Al Broccoli's family chest has a stalk of broccoli across the shield. That's because Al Broccoli's uncle Pasquale was the first man to bring to America "the now beloved vegetable that became the family name." This is a quote from Al Broccoli's bio sheet.

Maybe you never heard of Al Broccoli. You heard of James Bond, right? Well, Al Broccoli brought you James Bond. He is the producer of all 11 James Bond movies, every one, from Sean Connery to Roger Moore, from "Dr. No" in the Kennedy era to this summer's "Moonraker," which cost Broccoli $33 million, a real bundle, you better believe it. But that's okay.

"We're purely entertainment vendors.We sell laughs," says Al Broccoli, 70.

Yesterday, while it poured outside, the laugh vendor and nephew of the broccoli introducer sat high and dry in the coffee shop of the Madison, munching a Danish and struggling to explain "The magic" of James Bond, which he feels can be likened to the appeal of Tarzan, Robin Hood, Sherlock Holmes. He was at a loss, though, to say what that magic is.

He also grumbled-"I hope you don't mind me being frank," he said-about the frankly lousy attitude of much of the press, whose first question is always, "How long can this goddam thing go on? Why don't you have a Bond flop?"

It's strange, Al Broccoli said, wagging his huge head. "What are we doing? We're entertaining people. We're PG rated. Believe me, he said, "we live in a world today where we really need one another." Al Broccoli said this fidgeting with the volume of his Panasonic tape recorder. Al Broccoli always tape records his interviews. Now so much for questions of accuracy, just to have a record.

He looked like a mogul, all right, what with his great tycoon's stomach, his beige-on-beige monogrammed clothes, his swept silvered hair, his Wilshire Boulevard glasses, his gold signet ring which bears the broccoli crest.

Heck, you didn't have to know he was staying in the same ninth-floor suite last year during the Egy;tian-Israeli peace talks to know that this wasn't just anybody, this was Somebody.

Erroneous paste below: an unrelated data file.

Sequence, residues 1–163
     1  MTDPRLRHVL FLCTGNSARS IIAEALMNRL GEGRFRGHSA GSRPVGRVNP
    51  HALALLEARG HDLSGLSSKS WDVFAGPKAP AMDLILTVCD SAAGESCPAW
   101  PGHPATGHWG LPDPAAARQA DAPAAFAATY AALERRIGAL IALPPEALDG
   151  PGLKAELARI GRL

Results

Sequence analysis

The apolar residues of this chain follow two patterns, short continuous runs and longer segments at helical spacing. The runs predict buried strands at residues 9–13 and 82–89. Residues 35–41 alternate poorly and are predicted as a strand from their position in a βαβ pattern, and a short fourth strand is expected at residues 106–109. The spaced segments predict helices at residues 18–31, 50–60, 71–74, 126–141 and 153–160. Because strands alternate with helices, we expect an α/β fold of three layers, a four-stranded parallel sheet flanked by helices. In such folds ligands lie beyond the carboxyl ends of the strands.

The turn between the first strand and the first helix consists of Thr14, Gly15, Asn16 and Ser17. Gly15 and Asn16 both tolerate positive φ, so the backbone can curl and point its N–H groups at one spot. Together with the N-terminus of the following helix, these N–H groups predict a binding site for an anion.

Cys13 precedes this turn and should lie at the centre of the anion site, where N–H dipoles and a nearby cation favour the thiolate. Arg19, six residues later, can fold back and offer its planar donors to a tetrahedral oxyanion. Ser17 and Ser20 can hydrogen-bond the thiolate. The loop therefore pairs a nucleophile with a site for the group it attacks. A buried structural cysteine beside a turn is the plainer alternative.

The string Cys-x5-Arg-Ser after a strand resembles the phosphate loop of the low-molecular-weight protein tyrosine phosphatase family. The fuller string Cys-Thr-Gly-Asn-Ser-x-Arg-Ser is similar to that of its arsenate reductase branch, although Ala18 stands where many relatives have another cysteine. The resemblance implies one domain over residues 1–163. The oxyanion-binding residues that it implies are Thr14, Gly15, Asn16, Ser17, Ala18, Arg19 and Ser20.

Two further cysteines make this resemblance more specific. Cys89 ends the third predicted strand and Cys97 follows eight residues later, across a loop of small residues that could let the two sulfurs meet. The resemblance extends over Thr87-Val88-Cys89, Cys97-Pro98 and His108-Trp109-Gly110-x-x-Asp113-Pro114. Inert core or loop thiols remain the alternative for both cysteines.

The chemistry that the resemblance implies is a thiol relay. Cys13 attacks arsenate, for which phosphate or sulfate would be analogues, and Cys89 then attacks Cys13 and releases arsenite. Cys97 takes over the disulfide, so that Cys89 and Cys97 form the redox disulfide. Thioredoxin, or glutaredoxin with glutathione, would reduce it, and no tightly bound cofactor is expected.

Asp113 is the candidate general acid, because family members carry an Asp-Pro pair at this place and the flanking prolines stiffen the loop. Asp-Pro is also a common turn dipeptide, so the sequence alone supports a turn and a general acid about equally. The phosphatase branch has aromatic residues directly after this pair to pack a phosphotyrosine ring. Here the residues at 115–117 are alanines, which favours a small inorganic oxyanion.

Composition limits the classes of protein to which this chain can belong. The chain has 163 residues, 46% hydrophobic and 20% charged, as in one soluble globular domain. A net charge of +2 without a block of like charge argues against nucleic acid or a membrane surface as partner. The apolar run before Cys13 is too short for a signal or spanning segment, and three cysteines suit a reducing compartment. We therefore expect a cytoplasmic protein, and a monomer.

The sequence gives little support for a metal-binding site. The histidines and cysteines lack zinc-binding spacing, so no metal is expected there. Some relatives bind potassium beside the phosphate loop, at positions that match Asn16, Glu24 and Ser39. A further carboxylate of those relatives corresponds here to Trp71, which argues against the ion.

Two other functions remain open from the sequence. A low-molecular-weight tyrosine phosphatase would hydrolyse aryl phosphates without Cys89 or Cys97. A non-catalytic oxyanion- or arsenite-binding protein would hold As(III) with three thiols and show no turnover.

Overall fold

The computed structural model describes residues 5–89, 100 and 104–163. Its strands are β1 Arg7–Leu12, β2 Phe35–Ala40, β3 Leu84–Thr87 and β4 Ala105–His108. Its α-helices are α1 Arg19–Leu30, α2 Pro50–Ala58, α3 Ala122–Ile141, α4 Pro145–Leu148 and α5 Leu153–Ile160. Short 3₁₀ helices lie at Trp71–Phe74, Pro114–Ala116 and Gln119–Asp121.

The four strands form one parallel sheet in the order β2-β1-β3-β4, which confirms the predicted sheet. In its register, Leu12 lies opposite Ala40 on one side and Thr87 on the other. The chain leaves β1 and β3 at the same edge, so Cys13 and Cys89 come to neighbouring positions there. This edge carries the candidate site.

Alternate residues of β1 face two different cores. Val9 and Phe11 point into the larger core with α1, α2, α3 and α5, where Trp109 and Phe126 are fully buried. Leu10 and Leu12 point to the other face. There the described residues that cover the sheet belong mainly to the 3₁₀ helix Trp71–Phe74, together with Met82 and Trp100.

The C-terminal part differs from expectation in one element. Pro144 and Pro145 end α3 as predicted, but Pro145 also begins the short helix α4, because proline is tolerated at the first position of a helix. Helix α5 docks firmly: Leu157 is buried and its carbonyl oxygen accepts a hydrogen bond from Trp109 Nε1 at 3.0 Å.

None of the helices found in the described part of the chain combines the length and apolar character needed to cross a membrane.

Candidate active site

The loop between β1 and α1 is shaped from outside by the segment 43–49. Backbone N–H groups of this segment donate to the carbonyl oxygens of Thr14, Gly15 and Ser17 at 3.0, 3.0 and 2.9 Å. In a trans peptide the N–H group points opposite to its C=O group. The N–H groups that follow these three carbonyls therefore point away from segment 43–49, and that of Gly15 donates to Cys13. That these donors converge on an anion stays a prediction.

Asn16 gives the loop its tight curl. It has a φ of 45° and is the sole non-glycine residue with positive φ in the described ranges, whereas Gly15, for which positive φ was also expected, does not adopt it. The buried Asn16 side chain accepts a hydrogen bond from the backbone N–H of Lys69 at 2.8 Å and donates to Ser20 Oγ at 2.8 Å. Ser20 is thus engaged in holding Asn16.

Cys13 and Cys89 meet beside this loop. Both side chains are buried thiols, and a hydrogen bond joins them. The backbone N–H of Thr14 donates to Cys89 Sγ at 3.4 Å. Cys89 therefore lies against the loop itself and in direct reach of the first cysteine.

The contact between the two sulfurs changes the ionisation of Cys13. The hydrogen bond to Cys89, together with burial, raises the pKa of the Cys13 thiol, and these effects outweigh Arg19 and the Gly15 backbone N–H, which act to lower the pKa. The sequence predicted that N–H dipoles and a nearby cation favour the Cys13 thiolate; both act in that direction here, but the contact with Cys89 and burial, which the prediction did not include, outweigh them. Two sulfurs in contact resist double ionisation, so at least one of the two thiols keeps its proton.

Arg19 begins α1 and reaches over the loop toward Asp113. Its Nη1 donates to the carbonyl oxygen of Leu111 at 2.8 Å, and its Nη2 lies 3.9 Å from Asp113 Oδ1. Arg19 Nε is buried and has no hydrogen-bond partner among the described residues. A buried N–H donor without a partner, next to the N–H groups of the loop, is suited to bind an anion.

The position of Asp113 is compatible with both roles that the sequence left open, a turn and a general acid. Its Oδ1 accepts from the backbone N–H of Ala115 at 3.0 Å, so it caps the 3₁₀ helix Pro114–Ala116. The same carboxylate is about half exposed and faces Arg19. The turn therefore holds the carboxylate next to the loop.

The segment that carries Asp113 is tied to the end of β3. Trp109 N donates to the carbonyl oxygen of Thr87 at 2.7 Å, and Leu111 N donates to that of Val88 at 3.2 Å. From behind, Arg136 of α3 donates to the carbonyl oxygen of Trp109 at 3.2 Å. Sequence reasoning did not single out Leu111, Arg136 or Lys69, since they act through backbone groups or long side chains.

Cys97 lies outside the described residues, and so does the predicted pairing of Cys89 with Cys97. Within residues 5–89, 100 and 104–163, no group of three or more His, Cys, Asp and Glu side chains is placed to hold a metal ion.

He got a little testy about whether James Bond was passe, kaupt, a phantasmagoria of another decade. Anybody who knew a fig about Bond film history could tell you the series has asteadily escalated in popularity, he said. In fact, "Moonraker" is on its way to being the all-time Bond blockbuster, outgrossing even "The Spy Who Loved Me." The current gross figures for the United States and Canada are "around $48 or $49" million, he said. (This week's Variety lists "Moonraker's" total to date, based on 22 cities, as $11,928,285.)

He also got a little testy about whether Sean Connery was the better Bond. "There are horses for courses," he said. Sean Connery hated the Bond role, felt it was cheapening him as an actor, Roger Moore loves the role.

Al Broccoli, whom intimates call Chubby, is not the kind of producer to watch his movies being made from afar, the guy who gets up the money and then smokes fat cigars. It says so right there on his bio sheet: "It's not uncommon to see the great man roll up his sleeves to lend a helping hand with some quite menial task . . .He takes an almost childlike delight in ripping pages from his script as the various scenes are recorded on celluloid. . ."

He made an arty film once: "The Trials of Oscar Wilde," released in the late '50s. "Didn't make any money, old boy.No money," Al Broccoli said. The film won a few awards in England and in Moscow and was condemned by the Legion of Decency, he said. "That indicates to me we were 15 to 20 years ahead of our time."

Like the sale of Mcdonald's burgers, the Bond statistics are in the ozonosphere: Over 1 billion admissions so far, says a United Artists PR man. Will there be more Bonds to come? Does a shark swin in the sea? You can count on it, said Al Broccoli.

"I'm still a hustler, like everyone else in this world. And proud of it. "Cause you gotta be a hustler to survive."